Apple Tops J.D. Power Tablet Study, Followed by Amazon
The Apple iPad received top honors in J.D. Power and Associates' first study on tablet satisfaction in the United States. While Samsung has emerged as Apple's primary adversary, it was instead the Amazon Kindle that took second place, while Samsung was rated third with a score below the industry average.
The nearly 2,000 tablet owners in the survey gave Apple a score of 848 out of 1,000 points, for a five-circle rating the firm translates to mean "among the best."
The Amazon tablet scored 841 out of 1,000, for a four-circle "better than most" rating, while Samsung earned an 827 and three circles, indicating it's "about average."
The study considered, in order of importance, performance, ease of operation, styling and design, features and price. It also found the devices to be changing the way people consume digital content.
"As tablet computing, multimedia, display and application offerings continue to evolve, their impact on usage patterns will continue to grow," Uma S. Jha, senior director of mobile devices at J.D. Power and Associates, said in a Sept. 13 statement. "Tablets are a force in the marketplace that offer a great alternative to laptops and netbooks."
The study found that "tablet owners spend 7.5 hours per week browsing the Internet, watching videos, listening to music and reading books on their device, compared with spending 9.6 hours per week on a PC for the same activities."
It also found that the more hours per week that users spent watching video, the more satisfied they said they were with their tablets. Those who watched more than three and half hours of video per week, and so were "highly satisfied" with their devices, were also more likely-90 percent, versus 80 percent-to say they'd purchase another tablet from the same brand. They were also more likely to purchase other electronics from the brand.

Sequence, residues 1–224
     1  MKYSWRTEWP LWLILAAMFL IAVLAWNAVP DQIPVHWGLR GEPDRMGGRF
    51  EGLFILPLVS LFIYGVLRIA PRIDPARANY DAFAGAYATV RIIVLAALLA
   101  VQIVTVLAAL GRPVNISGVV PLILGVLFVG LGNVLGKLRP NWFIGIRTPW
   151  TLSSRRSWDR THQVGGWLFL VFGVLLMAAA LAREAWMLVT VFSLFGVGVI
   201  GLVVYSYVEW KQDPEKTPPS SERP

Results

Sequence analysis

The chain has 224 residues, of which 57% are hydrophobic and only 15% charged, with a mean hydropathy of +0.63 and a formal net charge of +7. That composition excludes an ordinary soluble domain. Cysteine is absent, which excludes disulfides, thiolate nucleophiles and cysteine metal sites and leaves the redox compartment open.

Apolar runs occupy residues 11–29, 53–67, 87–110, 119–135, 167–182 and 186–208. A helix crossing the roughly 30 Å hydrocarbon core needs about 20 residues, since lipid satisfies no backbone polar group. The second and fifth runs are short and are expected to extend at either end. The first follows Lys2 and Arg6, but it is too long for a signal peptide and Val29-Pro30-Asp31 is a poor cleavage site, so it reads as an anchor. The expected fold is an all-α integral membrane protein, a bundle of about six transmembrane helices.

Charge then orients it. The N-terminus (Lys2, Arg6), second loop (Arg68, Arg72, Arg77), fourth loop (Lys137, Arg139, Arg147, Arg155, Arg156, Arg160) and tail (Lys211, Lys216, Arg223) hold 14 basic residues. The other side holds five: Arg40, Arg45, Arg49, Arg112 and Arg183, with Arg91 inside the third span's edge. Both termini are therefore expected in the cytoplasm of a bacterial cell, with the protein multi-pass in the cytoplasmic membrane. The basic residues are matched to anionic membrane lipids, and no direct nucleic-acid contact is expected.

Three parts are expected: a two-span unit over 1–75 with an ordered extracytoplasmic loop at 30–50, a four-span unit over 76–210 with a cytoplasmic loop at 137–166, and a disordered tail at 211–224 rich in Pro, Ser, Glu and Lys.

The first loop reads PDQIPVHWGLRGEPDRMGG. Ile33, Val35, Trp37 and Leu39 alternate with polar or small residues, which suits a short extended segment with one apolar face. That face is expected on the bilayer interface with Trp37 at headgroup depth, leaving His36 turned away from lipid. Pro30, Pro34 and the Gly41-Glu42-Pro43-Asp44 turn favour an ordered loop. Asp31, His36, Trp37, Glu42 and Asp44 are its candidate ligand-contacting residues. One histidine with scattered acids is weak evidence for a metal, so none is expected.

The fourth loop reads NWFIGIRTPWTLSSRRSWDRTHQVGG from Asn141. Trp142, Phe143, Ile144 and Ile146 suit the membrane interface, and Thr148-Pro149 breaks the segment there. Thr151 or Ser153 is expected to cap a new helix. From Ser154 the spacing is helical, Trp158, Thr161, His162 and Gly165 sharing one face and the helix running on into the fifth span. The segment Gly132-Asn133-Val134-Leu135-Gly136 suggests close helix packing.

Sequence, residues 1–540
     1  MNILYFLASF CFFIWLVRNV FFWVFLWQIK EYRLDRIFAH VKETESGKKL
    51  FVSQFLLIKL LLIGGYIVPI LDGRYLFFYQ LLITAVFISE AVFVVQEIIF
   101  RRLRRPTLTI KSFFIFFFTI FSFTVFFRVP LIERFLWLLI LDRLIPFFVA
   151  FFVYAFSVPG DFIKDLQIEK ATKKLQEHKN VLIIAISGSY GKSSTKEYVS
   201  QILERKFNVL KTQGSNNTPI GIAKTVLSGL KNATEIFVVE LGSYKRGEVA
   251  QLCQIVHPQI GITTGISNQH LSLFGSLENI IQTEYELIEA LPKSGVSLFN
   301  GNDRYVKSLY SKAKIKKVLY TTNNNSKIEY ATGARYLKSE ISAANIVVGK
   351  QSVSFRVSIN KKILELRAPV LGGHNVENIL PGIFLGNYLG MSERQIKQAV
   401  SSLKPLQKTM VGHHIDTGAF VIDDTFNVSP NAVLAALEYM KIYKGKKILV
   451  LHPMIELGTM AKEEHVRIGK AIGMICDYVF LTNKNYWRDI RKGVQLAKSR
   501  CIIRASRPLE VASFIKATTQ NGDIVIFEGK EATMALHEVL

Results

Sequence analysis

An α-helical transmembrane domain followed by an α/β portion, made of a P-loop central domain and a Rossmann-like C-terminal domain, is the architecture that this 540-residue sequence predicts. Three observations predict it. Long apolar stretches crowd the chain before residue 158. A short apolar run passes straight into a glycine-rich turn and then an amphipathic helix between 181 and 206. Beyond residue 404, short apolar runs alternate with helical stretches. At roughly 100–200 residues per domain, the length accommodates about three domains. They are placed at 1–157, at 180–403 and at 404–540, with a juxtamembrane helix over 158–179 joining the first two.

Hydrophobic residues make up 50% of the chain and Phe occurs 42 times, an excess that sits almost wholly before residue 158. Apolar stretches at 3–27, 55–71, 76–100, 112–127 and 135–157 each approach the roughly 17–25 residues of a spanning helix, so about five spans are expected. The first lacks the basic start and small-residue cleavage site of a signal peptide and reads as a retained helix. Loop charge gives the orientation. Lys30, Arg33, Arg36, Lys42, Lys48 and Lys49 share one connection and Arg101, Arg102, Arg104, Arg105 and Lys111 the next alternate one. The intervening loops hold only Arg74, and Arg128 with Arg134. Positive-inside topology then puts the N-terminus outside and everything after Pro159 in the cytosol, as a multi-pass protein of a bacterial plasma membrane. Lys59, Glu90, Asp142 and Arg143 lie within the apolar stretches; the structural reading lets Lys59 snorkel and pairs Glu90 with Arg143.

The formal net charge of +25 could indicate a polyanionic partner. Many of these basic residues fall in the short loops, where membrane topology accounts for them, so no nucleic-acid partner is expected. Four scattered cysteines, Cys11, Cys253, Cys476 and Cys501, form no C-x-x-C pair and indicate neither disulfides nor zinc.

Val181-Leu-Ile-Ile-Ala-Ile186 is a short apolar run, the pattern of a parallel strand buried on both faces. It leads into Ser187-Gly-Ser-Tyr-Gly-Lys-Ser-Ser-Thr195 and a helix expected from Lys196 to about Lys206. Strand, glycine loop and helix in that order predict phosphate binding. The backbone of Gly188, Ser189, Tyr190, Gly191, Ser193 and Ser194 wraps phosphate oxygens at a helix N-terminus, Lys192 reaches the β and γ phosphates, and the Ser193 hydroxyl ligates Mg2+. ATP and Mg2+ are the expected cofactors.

Everyone in the study had owned their tablets for less than two years, and more than one-third said they planned to purchase another tablet within the next 12 months.
Three-quarters of respondents said they alone decided which brand to buy, 61 percent said they share their tablet with another person, and 25 percent said they use their tablets for business tasks.
J.D. Power added that tablet owners with smartphones spend 40 percent more time browsing the Internet on their tablets than on their smartphones and 56 percent more time using gaming apps on their tablets than on their phones.
Apple introduced the iPhone 5 Sept. 12, as well as an update to iTunes that will begin shipping in October-when analysts expect that Apple will, for the first time, introduce a smaller iPad.
On Sept. 6, Amazon introduced a new lineup of Kindle Fire HD devices, which included a 7-inch tablet for $199. "We hope people will agree that Kindle Fire HD is the best high-end tablet anywhere, at any price," said Amazon CEO Jeff Bezos.
Samsung currently offers a variety of tablet sizes, and recently shared that it will bring its new Galaxy Note II to the United States later this year. The device features a 5.5-inch display, up from the 5.3 inches on the original Note, and comes with the S Pen, a sort of re-imagined stylus that's the differentiator between Samsung's Galaxy Tab tablet line and the Notes, which-despite their size-Samsung considers smartphones.
Samsung recently shared that in a matter of months it sold more than 10 million Galaxy Note devices.
During the second quarter of this year, Apple shipped 17 million tablets, while Samsung shipped 2.4 million, Amazon shipped 1.3 million, Asus shipped 855,000 and Acer shipped well under half a million, according to IDC.
In the J.D. Power study, Samsung was followed by Acer, which received a score of 811; Barnes and Noble, with a score of 803; and Hewlett-Packard, which scored 790. The latter three all received two-circle ratings suggesting they are "about average."